What's in store for the stock market, someone asked famed financier J.P. Morgan more than a century ago. 'It will fluctuate, my boy,' Morgan replied, 'it will fluctuate.'
Apocryphal or not, it's one of the wisest and most enduring quotes in the history of capitalism and markets. Partly because that's all anyone can predict with certainty – prices will move up and move down, often for no apparent reason. That's the very nature of free markets.
But 'fluctuation' is one thing, 'chaos' is another. And this week has been about as wild as they come, with massive stock market declines in Asia, Europe, and here in the USA. Even tech stocks have been hammered into submission. Meanwhile, gold has been heading north, usually a sign of investor panic.
So what does all this have to be with the coming election? Let us count the ways. Perhaps Bernie Sanders will get a boost just in time for Iowa and New Hampshire. He is the only socialist in the race, pretty much the only socialist in America not living on a college campus, but his anti-capitalism rhetoric plays very well with many angry Americans. And a lot of them are far angrier this week now that they are far poorer. Bernie will blame the greedheads on Wall Street, his fans will cheer like trained seals, and he may well enjoy a bull market in the polls.
Then there's Donald Trump, a man to whom capitalism has been very, very good. Trump loyalists see him not only as a fearless straight-talker, but also as a financial wizard who can ride to the rescue and fix America's fiscal woes. Like Bernie Sanders, Trump has railed against Wall Street's bankers and traders, but he understands their world a lot better than the wild-eyed Vermont socialist. So if your 401K is under water, maybe even doing a passable imitation of the Titanic, who are you going to turn to? Sanders? Carson? Rubio? Cruz? Or a financial wizard who wrote the book on the art of the deal?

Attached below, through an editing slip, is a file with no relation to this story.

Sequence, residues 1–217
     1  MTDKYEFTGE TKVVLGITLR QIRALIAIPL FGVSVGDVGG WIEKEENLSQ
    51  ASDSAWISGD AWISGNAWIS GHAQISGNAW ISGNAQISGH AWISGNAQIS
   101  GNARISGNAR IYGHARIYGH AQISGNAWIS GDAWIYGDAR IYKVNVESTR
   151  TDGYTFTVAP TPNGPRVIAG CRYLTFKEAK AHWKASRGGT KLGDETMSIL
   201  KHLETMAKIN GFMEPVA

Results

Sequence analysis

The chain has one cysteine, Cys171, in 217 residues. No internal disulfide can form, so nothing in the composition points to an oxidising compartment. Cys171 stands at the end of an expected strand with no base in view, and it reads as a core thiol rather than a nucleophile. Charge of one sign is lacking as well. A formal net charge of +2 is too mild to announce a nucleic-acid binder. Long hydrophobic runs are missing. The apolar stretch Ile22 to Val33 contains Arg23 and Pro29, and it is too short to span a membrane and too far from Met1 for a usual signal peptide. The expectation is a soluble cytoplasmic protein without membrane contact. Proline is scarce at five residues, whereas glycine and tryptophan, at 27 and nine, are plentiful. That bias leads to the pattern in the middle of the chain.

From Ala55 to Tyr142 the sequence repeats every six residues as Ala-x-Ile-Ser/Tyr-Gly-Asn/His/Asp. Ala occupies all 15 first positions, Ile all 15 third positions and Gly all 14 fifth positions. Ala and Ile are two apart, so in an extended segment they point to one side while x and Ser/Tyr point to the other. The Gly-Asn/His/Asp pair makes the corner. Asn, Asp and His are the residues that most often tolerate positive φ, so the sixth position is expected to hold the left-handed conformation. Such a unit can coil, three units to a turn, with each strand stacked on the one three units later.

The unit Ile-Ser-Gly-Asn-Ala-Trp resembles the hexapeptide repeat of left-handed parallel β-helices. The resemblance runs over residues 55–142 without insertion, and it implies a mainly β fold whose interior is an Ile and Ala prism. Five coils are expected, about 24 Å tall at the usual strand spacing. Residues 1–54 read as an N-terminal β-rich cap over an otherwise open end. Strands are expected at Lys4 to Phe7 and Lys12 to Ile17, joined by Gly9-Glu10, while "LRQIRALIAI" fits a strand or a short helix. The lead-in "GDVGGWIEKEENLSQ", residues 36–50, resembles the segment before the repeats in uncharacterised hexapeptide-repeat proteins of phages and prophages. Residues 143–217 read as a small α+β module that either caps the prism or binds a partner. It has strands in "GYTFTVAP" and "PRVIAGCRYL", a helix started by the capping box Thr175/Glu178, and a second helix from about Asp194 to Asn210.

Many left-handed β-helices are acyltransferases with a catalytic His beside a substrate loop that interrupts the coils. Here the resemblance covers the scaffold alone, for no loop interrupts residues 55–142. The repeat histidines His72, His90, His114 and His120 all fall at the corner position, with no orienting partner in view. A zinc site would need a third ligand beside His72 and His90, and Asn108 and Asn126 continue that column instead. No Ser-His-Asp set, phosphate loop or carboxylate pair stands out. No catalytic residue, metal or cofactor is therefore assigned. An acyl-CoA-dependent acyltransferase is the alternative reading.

And then there is poor old Hillary Clinton, who just can't seem to catch a break. One day she's groping for answers about Benghazi, the next day she's groping for answers about her husband's groping.
This week she faced some tough interrogation from a usually reliable supporter. When MSNBC's Chris Matthews pressed Mrs. Clinton to define the difference between a socialist and a Democrat, she put on some dance moves that would be the envy of Ginger Rogers. Or, if you prefer, Jennifer Lopez.
'I am a progressive Democrat,' she insisted, 'who likes to get things done.' Well, yeah. And just who doesn't want to get things done? It's worth noting that just a few months ago Mrs. Clinton proudly described herself as a 'moderate.'
Truth is, Hillary Clinton again finds herself in the Twilight Zone, much like 2007. Back then, the nomination was hers for the taking, pretty much sewn up. But then defeat was snatched from the jaws of victory by Barack Obama and his fainting followers.
This time around, Mrs. Clinton is being attacked from the left as being way too cozy with Wall Street. She and her husband live like the one-percenters they are, which is their prerogative, and she has raked in campaign cash from her pals at the big banks and brokerage houses. That is red meat for Bernie Sanders, who accuses her of being – heaven forbid! – a capitalist.
Republicans, meanwhile, blast Hillary from the other direction, accusing her of moving far left to secure her party's nomination. She can't denounce President Obama's dismal economy without alienating his base, but she also can't heap praise on the economy and promise more of the same. So once again, like eight years ago, this Clinton cakewalk has turned into a run through the gauntlet. Over hot coals.
So how does this all end? First, don't ever let anyone tell you that they know how the stock markets will fare in the coming weeks and months. They do not! No one knows where oil, gold, Apple stock, or cattle futures are heading.
Similarly, when it comes to political prognostication, absolutely no one is really sure how American voters will react to the current stock market chaos. There is only one sure-fire prediction when it comes to the polls. They will fluctuate, my boys and girls, they will fluctuate.